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Agudas Israel Synagogue / Jewish Community Centre

The history of the Jewish community of Saskatoon is an important part of Saskatchewan’s story. The early Jewish settlers were a very diverse group of people, primarily from Eastern Europe, and ranged in beliefs from freethinking communists to ultra-Orthodox. In 1912, the first simply constructed synagogue was built; by 1920 its members had developed a set of principles embodied in a constitution. This achievement gave official recognition to a second synagogue, built to conform to the Orthodox practices of its members: the Aron Kodesh (Holy Ark) was situated on the eastern wall; the reader’s platform was in the centre of the sanctuary, surrounded by pews of solid oak; men prayed in this main area, while women congregants prayed in an upstairs semicircular gallery; the Mikvah (Ritual Bath), a kitchen and a social hall on the lower level. Many activities catering to the needs and interests of the Jewish community were coordinated by the Saskatoon Jewish Community Budget: these included the Jewish cemetery located on the old Battleford Trail and established in 1913; the Chevra Kadisha (Burial Society); and the Talmud Torah (Hebrew School), built in 1928.

The synagogue was the vibrant heart of the Jewish community through World War I, the Depression, the trials of World War II, and up to the present. World War II, in particular, had a profound effect on the Jews of Saskatoon: 111 men served in the armed forces, out of a Jewish population of 700. In the early 1950s there was a rapid increase in the size of the Jewish community, and most Jewish families moved to the east side of Saskatoon. The synagogue and Hebrew School were no longer conveniently located. The result was the purchase of property on 10th Street and McKinnon Avenue; the Saskatoon B’nai Brith Lodge #739 funded this purchase and continues its support. The sod-turning ceremony took place on May 15, 1957, and the first service was held in 1958; Mayor Sidney L. Buckwold, the first and so far the only Jewish mayor of Saskatoon, cut the ribbon at the official opening ceremony. Religious services in the new facility no longer separated men and women; the sanctuary and social hall were located on the same floor and could be separated by moveable partitions; classrooms, library, a boardroom, and Mikvah were all located on the lower level. This synagogue/centre was designed to serve religious, educational and social needs.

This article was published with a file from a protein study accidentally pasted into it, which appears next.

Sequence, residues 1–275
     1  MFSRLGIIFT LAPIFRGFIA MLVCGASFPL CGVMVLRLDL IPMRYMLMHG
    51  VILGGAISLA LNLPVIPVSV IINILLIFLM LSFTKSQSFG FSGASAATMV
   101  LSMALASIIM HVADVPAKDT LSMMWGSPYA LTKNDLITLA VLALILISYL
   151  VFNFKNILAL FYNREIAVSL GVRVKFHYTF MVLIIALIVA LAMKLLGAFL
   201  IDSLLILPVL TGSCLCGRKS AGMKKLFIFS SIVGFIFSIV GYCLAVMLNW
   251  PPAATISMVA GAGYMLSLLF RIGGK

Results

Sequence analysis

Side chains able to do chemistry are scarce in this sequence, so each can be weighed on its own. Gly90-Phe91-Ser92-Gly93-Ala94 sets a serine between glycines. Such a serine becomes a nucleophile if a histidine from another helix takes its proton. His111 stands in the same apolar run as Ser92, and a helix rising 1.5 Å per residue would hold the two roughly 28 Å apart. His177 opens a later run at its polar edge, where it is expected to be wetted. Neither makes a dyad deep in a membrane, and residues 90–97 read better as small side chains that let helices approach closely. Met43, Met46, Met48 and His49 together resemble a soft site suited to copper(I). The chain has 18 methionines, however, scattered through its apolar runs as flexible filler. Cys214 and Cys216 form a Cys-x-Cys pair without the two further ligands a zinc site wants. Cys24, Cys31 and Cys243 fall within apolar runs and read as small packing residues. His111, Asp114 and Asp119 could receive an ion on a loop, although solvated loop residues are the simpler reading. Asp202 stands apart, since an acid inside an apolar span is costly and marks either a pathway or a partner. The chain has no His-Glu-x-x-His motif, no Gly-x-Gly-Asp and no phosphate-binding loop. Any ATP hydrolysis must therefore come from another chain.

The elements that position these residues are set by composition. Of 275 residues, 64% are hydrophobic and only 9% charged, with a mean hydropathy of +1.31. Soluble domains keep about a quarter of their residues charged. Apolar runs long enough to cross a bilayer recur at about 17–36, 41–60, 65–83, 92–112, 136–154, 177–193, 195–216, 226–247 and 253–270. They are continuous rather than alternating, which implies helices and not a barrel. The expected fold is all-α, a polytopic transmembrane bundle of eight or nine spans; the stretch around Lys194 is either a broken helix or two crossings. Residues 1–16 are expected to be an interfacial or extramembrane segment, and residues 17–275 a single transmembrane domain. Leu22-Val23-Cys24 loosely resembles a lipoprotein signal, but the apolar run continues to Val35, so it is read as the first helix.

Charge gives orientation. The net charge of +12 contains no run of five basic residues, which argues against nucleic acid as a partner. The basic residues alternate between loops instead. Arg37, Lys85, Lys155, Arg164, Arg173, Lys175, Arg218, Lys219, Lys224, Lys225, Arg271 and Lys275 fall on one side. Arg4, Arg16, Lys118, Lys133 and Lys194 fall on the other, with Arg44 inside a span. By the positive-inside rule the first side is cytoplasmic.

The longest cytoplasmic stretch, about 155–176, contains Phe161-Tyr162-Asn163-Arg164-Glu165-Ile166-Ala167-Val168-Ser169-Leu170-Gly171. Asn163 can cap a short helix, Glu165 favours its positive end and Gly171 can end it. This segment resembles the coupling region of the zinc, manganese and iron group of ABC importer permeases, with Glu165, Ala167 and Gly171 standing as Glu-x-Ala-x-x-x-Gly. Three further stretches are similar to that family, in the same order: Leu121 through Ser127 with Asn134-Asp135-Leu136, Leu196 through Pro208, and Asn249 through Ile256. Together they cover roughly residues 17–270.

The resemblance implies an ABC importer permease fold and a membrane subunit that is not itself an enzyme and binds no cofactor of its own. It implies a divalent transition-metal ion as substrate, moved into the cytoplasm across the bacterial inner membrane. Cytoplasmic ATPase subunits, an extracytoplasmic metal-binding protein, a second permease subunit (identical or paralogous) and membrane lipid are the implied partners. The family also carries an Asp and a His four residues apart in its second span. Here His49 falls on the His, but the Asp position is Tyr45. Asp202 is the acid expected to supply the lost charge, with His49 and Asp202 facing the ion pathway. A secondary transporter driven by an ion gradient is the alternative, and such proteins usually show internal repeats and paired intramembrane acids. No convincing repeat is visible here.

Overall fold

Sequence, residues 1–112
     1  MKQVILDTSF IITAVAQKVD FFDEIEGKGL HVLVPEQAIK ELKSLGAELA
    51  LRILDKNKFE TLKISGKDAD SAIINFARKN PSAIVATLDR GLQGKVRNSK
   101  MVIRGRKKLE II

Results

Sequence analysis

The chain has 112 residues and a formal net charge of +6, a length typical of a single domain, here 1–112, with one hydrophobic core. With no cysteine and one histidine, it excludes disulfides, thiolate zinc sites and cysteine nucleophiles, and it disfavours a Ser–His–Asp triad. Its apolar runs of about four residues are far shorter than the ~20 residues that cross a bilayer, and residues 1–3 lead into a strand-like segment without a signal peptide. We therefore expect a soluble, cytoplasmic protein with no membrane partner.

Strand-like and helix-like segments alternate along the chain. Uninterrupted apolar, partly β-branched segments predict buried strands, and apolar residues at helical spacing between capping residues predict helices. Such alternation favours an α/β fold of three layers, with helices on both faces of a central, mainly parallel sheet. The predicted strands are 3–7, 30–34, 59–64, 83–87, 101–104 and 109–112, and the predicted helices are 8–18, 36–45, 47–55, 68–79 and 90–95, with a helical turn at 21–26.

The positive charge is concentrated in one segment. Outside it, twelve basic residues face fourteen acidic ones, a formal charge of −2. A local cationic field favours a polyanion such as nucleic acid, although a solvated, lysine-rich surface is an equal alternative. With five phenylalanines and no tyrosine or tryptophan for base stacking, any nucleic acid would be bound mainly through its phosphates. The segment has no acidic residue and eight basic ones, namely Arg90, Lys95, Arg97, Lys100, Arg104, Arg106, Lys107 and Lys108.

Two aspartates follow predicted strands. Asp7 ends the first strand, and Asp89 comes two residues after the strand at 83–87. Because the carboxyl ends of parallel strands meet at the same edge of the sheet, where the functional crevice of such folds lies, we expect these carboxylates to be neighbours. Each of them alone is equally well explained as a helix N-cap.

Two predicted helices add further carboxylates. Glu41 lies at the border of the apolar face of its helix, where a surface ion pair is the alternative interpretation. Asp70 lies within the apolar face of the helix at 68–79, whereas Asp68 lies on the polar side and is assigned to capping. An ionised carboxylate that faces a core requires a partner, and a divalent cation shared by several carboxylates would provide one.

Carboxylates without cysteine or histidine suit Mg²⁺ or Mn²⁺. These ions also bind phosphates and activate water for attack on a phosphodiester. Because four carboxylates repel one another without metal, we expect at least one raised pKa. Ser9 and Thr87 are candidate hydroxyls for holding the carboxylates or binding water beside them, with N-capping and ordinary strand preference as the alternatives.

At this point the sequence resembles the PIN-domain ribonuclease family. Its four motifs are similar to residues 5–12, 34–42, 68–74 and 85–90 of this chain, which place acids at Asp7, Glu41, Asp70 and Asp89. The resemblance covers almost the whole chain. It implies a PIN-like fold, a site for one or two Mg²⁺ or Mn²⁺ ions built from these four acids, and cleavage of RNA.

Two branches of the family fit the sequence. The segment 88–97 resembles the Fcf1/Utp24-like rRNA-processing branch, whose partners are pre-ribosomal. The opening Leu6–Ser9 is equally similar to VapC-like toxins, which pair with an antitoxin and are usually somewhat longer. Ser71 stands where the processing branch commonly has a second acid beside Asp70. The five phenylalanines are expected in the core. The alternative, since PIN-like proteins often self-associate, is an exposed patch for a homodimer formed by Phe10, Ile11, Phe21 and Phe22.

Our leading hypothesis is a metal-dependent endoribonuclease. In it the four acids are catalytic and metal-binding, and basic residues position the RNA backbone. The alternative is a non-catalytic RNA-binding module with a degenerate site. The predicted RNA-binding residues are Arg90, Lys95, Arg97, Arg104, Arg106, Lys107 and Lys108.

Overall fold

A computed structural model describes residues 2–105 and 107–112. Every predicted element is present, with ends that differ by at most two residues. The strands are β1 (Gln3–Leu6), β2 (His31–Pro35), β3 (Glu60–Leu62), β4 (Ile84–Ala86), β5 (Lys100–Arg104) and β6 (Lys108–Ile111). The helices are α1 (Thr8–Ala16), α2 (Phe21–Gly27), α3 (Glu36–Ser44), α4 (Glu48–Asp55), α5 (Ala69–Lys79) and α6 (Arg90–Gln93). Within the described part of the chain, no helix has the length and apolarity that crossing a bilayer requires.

In 1964, the congregation was affiliated with the United Synagogues of America and officially recognized as an adherent of the Conservative branch of Judaism. It is still a member of the United Synagogue (of Conservative Judaism) and is today fully egalitarian: it was among the very first synagogues to elect, in 1979, a woman president. In 1998, Congregation Agudas Israel celebrated the fortieth anniversary of its present building, together with the Jubilee year of the state of Israel, and produced a commemorative volume entitled L’Dor V’ Dor: Heritage and History.

In March 2000 a schism occurred in the congregation: a number of members chose to leave Agudas Israel and to form a new congregation. For the first time in almost a century, there were two Jewish congregations in Saskatoon. In April 2002, someone threw a Molotov cocktail into the synagogue’s lower level, starting a fire that totally destroyed the Rev. David Avol Memorial Library. Fortunately no lives were lost, as the building was unoccupied at the time. There was a great outpouring of outrage at this event but also overwhelming support from the general Saskatchewan community as well as individuals and organizations across Canada and the United States. The library reopened a year later.

Gladys Rose

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